From Tohoku University[東北大学](JP): “Researchers Develop a Scaled-up Spintronic Probabilistic Computer” 

From Tohoku University[東北大学](JP)

Shunsuke Fukami
Research Institute of Electrical Communication

The spintronic path.

Researchers at Tohoku University, the University of Messina, and The University of California-Santa Barbara have developed a scaled-up version of a probabilistic computer (“p-computer”) with stochastic spintronic devices that is suitable for hard computational problems like combinatorial optimization and machine learning.

“Moore’s law” predicts that computers get faster every two years because of the evolution of semiconductor chips. Whilst this is what has historically happened, the continued evolution is starting to lag. The revolutions in machine learning and artificial intelligence means much higher computational ability is required. Quantum computing is one way of meeting these challenges, but significant hurdles to the practical realization of scalable quantum computers remain.

A “p-computer” harnesses naturally stochastic building blocks called probabilistic bits (p-bits). Unlike bits in traditional computers, “P-bits” oscillate between states. A “p-computer” can operate at room-temperature and acts as a domain-specific computer for a wide variety of applications in machine learning and artificial intelligence. Just like quantum computers try to solve inherently quantum problems in quantum chemistry, “p-computers” attempt to tackle probabilistic algorithms widely used for complicated computational problems in combinatorial optimization and sampling.

Recently, researchers from Tohoku University, Purdue University, and The University of California-Santa Barbara have shown that the “p-bits” can be efficiently realized using suitably modified “spintronic” devices called stochastic magnetic tunnel junctions (“sMTJ”). Until now, “sMTJ”-based “p-bits” have been implemented at small scale; and only “spintronic” “p-computer” proof-of-concepts for combinatorial optimization and machine learning have been demonstrated.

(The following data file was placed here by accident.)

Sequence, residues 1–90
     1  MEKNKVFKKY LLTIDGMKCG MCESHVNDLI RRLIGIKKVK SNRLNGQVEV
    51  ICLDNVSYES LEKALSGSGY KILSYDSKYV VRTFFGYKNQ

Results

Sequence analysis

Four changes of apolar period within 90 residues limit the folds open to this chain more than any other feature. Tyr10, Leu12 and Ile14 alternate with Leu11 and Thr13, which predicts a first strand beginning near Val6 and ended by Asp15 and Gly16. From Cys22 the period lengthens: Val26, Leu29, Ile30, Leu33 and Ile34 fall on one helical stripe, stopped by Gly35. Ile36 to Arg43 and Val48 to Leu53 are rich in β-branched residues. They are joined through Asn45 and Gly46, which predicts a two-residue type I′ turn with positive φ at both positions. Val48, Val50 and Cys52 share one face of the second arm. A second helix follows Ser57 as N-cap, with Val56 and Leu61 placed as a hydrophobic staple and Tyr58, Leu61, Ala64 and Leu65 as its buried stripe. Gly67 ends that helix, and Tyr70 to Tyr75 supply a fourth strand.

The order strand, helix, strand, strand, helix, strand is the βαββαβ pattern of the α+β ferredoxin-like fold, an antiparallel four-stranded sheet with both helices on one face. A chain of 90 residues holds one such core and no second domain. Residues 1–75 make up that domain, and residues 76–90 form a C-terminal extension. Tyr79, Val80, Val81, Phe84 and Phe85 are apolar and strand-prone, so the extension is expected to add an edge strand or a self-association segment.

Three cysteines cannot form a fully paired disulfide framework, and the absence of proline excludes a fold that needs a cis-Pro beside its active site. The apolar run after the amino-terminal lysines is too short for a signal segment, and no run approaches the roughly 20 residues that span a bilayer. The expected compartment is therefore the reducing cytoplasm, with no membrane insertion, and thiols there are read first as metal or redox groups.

A photograph of the constructed heterogeneous “p-computer” consisting of stochastic magnetic tunnel junction (“sMTJ”) based probabilistic bit (“p-bit’) and field-programmable gate array (“FPGA”). ©Kerem Camsari, Giovanni Finocchio, and Shunsuke Fukami et al.

The research group has presented two important advances at the 68th International Electron Devices Meeting (IEDM) on December 6th, 2022.

First, they have shown how “sMTJ”-based “p-bits” can be combined with conventional and programmable semiconductor chips, namely, Field-Programmable-Gate-Arrays (“FPGAs”). The “sMTJ + FPGA” combination allows much larger networks of “p-bits” to be implemented in hardware going beyond the earlier small-scale demonstrations.

Second, the probabilistic emulation of a quantum algorithm, simulated quantum annealing (“SQA”), has been performed in the heterogeneous “sMTJ + FPGA” p-computers with systematic evaluations for hard combinatorial optimization problems.

The researchers also benchmarked the performance of “sMTJ”-based “p-computers” with that of classical computing hardware, such as graphics processing units (GPUs) and Tensor Processing Units (“TPUs”). They showed that “p-computers”, utilizing a high-performance “sMTJ” previously demonstrated by a team from Tohoku University, can achieve massive improvements in throughput and power consumption than conventional technologies.

“Currently, the “s-MTJ + FPGA” “p-computer” is a prototype with discrete components,” said Professor Shunsuke Fukami, who was part of the research group. “In the future, integrated “p-computers” that make use of semiconductor process-compatible magnetoresistive random access memory (“MRAM”) technologies may be possible, but this will require a co-design approach, with experts in materials, physics, circuit design and algorithms needing to be brought in.”

A comparison of probabilistic accelerators as a function of sampling throughput and power consumption. Graphics Processing Units (GPUs) [plotted as N1-N4], Tensor Processing Units (“TPUs”) [plotted as G1-G2], and simulated annealing machine [plotted as F1] are compared with probabilistic computers, where demonstrated value and projected value are plotted as P1 and P2, respectively. ©Kerem Camsari, Giovanni Finocchio, and Shunsuke Fukami et al.

Publication Details:

Title: “Experimental evaluation of simulated quantum annealing with MTJ-augmented p-bits”
Authors: Andrea Grimaldi, Kemal Selcuk, Navid Anjum Aadit, Keito Kobayashi, Qixuan Cao, Shuvro Chowdhury, Giovanni Finocchio, Shun Kanai, Hideo Ohno, Shunsuke Fukami and Kerem Y. Camsari
Conference: 68th Annual IEEE International Electron Devices Meeting

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Tohoku University (東北大学](JP), located in Sendai, Miyagi in the Tōhoku Region, Japan, is a Japanese national university. It was the third Imperial University in Japan, the first three Designated National University along with the The University of Tokyo[(東京大] (JP) and Kyoto University [京都大学](JP) and selected as a Top Type university of Top Global University Project by the Japanese government. In 2020 and 2021, the Times Higher Education Tohoku University was ranked No. 1 university in Japan.

In 2016, Tohoku University had 10 faculties, 16 graduate schools and 6 research institutes, with a total enrollment of 17,885 students. The university’s three core values are “Research First [研究第一主義],” “Open-Doors [門戸開放],” and “Practice-Oriented Research and Education [実学尊重].”


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